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GDC Europe: Zootfly's Troha On Trials, Tribulations Of  Prison Break  Game
GDC Europe: Zootfly's Troha On Trials, Tribulations Of Prison Break Game
August 17, 2009 | By Simon Carless

August 17, 2009 | By Simon Carless
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The collapse of Brash Entertainment had serious ramifications for numerous developers with whom the now-defunct publisher had deals. One such victim was Zootfly, who was developing the Prison Break game based on the Fox television series.

Against significant odds, Zootfly -- a Slovenian one-game studio with 40 staffers -- was able to stay afloat, keeping the project on life support until Koch Media and Deep Silver picked it up just recently. In a GDC Europe talk, the company's Bostjan Troha discussed "how we magically survived... [after] being inches away from being completely obliterated" by the "industry debacle" of Brash's crash.

Zootfly, founded in 2002, might be best-known for an unofficial Ghostbusters game that got much Internet interest. In this case, its relationship with the Hollywood publisher started when Brash greenlit an original IP game from Zootfly. But then, the publisher changed its strategy to publishing licensed games only -- hence the switch to Prison Break.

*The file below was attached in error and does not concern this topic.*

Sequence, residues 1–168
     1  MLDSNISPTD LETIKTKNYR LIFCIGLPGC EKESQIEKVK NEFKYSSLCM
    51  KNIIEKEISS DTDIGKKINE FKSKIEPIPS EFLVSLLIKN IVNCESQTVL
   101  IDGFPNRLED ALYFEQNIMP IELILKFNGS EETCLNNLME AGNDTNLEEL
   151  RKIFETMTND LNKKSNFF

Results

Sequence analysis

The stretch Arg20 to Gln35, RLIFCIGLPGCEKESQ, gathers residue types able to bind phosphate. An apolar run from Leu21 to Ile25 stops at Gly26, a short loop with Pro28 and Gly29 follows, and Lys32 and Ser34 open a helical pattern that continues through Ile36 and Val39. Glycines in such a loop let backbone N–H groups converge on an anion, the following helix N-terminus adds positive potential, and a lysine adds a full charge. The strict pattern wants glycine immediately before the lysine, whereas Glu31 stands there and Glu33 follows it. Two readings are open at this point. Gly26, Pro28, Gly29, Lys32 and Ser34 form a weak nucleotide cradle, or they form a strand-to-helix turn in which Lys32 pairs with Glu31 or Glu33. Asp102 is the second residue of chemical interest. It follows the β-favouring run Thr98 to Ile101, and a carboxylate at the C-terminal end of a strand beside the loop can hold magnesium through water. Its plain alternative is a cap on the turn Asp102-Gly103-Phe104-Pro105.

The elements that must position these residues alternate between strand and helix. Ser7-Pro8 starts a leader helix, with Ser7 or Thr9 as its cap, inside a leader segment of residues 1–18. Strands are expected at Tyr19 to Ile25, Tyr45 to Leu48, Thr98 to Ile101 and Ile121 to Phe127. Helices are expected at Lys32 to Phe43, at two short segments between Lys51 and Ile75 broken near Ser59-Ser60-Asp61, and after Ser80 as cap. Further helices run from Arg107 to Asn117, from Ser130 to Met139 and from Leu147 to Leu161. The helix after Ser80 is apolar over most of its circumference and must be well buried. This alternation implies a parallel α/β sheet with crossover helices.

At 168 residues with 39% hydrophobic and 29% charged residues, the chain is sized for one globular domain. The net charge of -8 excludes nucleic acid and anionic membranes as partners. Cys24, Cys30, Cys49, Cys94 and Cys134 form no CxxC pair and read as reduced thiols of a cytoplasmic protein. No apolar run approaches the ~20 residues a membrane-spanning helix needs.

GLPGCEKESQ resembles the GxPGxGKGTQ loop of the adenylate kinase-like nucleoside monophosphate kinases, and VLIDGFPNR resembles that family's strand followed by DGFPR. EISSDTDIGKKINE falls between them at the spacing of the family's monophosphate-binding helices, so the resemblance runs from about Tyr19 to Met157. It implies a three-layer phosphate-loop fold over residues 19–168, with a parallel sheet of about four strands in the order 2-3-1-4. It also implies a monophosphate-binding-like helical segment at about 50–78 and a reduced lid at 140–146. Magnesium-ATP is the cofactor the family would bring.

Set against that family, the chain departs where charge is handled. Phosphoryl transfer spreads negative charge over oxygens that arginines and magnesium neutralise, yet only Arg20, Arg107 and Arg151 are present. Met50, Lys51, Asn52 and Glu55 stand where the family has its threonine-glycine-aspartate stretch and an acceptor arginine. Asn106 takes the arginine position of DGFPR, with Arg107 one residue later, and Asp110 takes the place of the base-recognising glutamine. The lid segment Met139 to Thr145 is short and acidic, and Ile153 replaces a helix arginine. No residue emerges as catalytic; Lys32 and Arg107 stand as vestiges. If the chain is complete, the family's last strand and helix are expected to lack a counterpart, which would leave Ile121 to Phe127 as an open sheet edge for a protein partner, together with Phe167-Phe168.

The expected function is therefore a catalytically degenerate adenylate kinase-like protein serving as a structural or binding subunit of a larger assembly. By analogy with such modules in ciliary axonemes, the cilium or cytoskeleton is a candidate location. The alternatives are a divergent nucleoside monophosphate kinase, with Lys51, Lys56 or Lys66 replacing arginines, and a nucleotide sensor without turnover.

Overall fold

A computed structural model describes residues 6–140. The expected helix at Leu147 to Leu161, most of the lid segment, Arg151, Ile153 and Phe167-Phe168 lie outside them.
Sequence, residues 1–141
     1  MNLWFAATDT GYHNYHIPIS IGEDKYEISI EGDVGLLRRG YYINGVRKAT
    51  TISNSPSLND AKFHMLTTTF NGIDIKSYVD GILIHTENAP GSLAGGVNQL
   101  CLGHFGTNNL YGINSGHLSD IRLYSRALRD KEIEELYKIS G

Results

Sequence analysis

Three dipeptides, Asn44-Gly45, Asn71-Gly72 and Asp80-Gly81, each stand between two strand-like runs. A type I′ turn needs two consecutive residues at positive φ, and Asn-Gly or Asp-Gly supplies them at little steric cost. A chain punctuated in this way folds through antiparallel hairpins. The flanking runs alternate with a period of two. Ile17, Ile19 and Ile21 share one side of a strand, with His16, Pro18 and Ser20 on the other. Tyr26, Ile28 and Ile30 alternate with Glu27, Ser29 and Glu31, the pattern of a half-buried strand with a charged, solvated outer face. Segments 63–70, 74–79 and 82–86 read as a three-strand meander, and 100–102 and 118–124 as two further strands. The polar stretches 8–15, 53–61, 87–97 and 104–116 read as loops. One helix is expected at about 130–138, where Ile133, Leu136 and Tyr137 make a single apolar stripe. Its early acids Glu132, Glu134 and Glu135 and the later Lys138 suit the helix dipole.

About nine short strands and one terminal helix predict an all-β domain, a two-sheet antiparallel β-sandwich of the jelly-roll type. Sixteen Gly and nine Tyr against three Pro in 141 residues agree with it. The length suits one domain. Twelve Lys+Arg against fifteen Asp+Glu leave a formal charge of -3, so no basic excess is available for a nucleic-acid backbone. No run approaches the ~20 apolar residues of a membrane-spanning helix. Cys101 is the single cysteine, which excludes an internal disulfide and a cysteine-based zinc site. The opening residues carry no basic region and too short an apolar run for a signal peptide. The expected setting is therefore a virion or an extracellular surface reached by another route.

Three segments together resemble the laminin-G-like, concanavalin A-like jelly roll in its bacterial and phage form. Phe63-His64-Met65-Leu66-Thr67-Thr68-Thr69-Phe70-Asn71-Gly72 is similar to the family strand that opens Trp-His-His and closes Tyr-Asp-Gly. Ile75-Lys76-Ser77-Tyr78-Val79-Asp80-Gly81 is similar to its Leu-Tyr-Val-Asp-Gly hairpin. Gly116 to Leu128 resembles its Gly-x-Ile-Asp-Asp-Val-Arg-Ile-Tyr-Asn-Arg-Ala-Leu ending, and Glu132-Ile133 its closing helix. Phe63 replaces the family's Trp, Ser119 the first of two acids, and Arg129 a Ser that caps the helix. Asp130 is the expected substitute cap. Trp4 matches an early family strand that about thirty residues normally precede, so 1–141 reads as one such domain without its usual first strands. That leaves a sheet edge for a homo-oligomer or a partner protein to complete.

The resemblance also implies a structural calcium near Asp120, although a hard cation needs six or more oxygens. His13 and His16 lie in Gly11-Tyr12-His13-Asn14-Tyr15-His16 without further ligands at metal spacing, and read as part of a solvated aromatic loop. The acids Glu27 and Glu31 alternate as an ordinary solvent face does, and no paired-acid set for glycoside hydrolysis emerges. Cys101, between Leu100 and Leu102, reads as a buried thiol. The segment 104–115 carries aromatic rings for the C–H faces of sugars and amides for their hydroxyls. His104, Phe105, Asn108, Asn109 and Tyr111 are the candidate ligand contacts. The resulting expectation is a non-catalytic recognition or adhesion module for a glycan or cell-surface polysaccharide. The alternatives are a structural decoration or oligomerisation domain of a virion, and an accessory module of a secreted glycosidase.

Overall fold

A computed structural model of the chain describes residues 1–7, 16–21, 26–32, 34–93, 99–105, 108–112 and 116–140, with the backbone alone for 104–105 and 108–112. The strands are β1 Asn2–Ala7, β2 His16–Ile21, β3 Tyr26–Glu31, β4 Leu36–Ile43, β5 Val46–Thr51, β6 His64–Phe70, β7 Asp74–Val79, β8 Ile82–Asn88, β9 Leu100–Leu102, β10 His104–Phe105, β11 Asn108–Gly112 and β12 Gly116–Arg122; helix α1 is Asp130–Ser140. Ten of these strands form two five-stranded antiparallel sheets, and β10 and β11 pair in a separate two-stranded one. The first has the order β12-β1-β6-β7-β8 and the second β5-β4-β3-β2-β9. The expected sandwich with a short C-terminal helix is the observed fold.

Brash Entertainment, Troha explained, was a "startup with a grand idea", to be a crossover TV/movie and game publisher, intended to "herald the coming of a new age" of licensed games.

The change from original IP to licensed games should have been "a red flag" for Zootfly, but even so, the two firms signed a $5 million deal to do Prison Break without even anyone from the publisher even coming to visit the studio -- another early warning.

Troha explained how "an ungodly mix" of video game and movie people at Brash ended up bringing a series of processes to the table that weren't actually formalized, adding: "as their logo uncannily foretold, they were fighting all the time."

He explained that a number of crazy ideas for the Prison Break game -- both implemented and not -- were "oozing from all levels of executive management" at Brash, and went on to describe some of them.

For example, it was suggested that collecting rubber bands could be the basis of the game's economic system, and that one Brash executive advocated for 'rat shanking', since, as the game was needing to be Teen-rated: "We can't stab and kill inmates... so let's slice up rats."

He also revealed that the genre of the game changed a couple of times during development, leaving visual inconsistencies along the way. (However, the new version of Prison Break, approved by Fox and now being published by Koch, is extensively redesigned and re-architected.)

Brash: The Beginning Of The End

When Brash's institutional investors started pulling out, there were layoffs and eventually project cancellations, and Troha noted that "milestones were habitually three months late." When Brash canned Zootfly's game, the publisher promised to give Zootfly $748,000 as part of Brash's termination, to pay off multiple milestones on very good terms.

(But in fact, Brash hasn't paid up at all to date. Troha said it's vital to understand how well your publisher is doing and truly question things when, for example, milestone payments are late.)